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Health Benefits of Peppermint

If you are looking to dip your toe into the waters of herbal goodness, peppermint is an easy place to start. This herb has many uses and is readily available in your grocery store, from your favorite essential oil company, and ready to plant from your local nursery.

Health Benefits of Peppermint

Peppermint is antimicrobial, which means it’s great for fighting off a cold. It helps clear your sinuses because it has some powerful menthol action happening. It calms the stomach by reducing indigestion and gas. It acts as a gentle muscle relaxant, which allows it to ease tension headaches and menstrual cramps. Peppermint has a cooling action that is great for fever and hot flashes. It can boost your energy and ability to focus, and, it contains a chemical proven to help reduce symptoms of seasonal allergies.

You must agree, that’s quite the list!!!

Want to learn more about peppermint? Check out this article.


1) Peppermint can relax the esophageal sphincter. If you suffer from GERD (gastroesophageal reflux disease, a.k.a. acid reflux or chronic heartburn) you should not drink peppermint tea or take peppermint internally via oil or capsule.

2) More is rarely better when it comes to any remedy, herbal or over-the-counter. Don’t overdo it. A little peppermint eases gastrointestinal symptoms, but too much causes them.

3) If using an essential oil, remember that peppermint oil is super strong. If your skin is sensitive, mix it with a carrier oil like almond oil or coconut oil. Once you get peppermint oil on your hands, be very careful to avoid touching your eyes, face, or other sensitive body parts!

Note: the best way to remove a strong oil from your hands (peppermint, or the oil from chopping hot peppers) is to pour some cooking oil onto your hands and rub it around to help dissolve the hot oil, then wash your hands well with an oil-removing soap like Dawn dish soap. Repeat a couple of times.

How to Use Peppermint

TEA: The easiest and safest way to use peppermint is as a tea. Tea can be made with dried or fresh leaves from a peppermint plant. If you don’t have peppermint growing in your herb garden (and why don’t you?), you can easily find peppermint tea at your local grocery store.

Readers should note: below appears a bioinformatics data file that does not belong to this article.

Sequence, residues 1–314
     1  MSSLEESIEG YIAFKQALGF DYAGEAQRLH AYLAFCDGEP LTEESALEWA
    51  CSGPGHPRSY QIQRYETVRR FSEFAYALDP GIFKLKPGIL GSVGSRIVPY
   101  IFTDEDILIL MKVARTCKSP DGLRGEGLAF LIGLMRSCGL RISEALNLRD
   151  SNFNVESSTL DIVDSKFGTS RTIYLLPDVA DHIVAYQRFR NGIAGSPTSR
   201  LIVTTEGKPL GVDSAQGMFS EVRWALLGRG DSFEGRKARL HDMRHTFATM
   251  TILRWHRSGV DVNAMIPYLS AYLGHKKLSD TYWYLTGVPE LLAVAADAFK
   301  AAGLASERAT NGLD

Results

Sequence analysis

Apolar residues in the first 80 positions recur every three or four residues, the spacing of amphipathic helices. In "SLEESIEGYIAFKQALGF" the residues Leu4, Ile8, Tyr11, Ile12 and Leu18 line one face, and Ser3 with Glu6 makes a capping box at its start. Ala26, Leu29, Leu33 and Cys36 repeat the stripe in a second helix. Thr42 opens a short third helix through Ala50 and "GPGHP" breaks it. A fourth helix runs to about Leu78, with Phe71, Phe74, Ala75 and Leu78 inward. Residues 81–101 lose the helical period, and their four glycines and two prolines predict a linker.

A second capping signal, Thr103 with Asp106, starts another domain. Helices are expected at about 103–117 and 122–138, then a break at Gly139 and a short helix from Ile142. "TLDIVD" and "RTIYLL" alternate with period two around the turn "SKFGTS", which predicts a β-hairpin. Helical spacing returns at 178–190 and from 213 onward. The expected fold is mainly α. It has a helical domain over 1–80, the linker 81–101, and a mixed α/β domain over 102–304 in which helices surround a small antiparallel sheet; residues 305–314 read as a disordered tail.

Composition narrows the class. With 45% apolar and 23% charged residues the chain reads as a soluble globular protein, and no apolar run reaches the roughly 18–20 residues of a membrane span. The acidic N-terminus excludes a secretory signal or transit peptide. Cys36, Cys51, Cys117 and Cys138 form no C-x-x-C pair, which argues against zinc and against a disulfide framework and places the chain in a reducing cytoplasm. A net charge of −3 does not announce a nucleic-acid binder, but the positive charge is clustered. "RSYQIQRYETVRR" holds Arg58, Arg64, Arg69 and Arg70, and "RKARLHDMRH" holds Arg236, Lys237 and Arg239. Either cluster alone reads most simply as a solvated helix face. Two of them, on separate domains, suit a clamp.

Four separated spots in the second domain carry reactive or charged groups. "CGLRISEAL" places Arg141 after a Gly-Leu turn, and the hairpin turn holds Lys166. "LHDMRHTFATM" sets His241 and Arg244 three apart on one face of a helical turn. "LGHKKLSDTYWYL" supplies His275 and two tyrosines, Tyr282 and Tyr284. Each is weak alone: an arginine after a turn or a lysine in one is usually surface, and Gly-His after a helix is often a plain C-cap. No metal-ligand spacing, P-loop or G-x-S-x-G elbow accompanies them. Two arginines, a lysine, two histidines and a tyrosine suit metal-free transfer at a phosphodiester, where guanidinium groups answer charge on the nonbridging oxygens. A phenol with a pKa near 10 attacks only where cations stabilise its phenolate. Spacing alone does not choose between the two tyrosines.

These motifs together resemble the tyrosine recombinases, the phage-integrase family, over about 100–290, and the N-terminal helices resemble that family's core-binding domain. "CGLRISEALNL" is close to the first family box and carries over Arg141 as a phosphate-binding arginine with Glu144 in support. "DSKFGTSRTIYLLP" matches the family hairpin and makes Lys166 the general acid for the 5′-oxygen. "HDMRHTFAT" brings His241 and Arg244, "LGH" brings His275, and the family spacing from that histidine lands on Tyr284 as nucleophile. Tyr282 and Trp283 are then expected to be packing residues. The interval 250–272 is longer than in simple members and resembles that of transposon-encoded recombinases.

A cup of peppermint tea is perfect if your stomach is feeling a little off, you are suffering from cold or allergy symptoms, after a big meal, as an afternoon drink, when you have a headache, or when you just want a warm noncaffeinated drink. Most people agree you can safely drink 2-3 cups of peppermint tea a day without any issues (unless you have issues with heartburn! See the WARNINGs above).

ESSENTIAL OIL: You can rub peppermint oil directly on your belly for upset stomach, put a small drop on your thumb and touch it to the far back roof of your mouth* to clear your sinuses (and freshen your breath) or rub a small amount on your temples and base of your skull to treat a headache. (Again, watch out for your eyes).

*Know your essential oil – only use therapeutic-grade essential oils approved for internal consumption.

Diffuser: Diffuse peppermint essential oils for the nice smell, to help you focus, or to treat a headache.

Body Spray: Mixing a few drops of peppermint essential oil with some water and a splash of vodka makes a great body spray to treat hot flashes. A couple of spritzes on the back of your neck can help cool you down.

COMPRESS: Make peppermint tea and allow it to cool. Soak a rag in the tea and then place it on the forehead or back of the neck to treat a headache.

JUST EAT IT: Use a little fresh peppermint in lettuce salads, in tabouli, or in homemade tzatziki.

What About Spearmint?

If you find peppermint to be too strong or you suffer from GERD, spearmint can be an acceptable replacement. It isn’t quite as potent, but it does have many of the same qualities, just toned down a bit. Spearmint has not been shown to affect the esophageal sphincter, so it should not cause or aggravate heartburn.

What is your favorite way to use peppermint? Let me know in the comments!

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1 Comment

Apr 21, 2023

Thank you for sharing the warnings and benefits of peppermint. I didn't know this. Great information.

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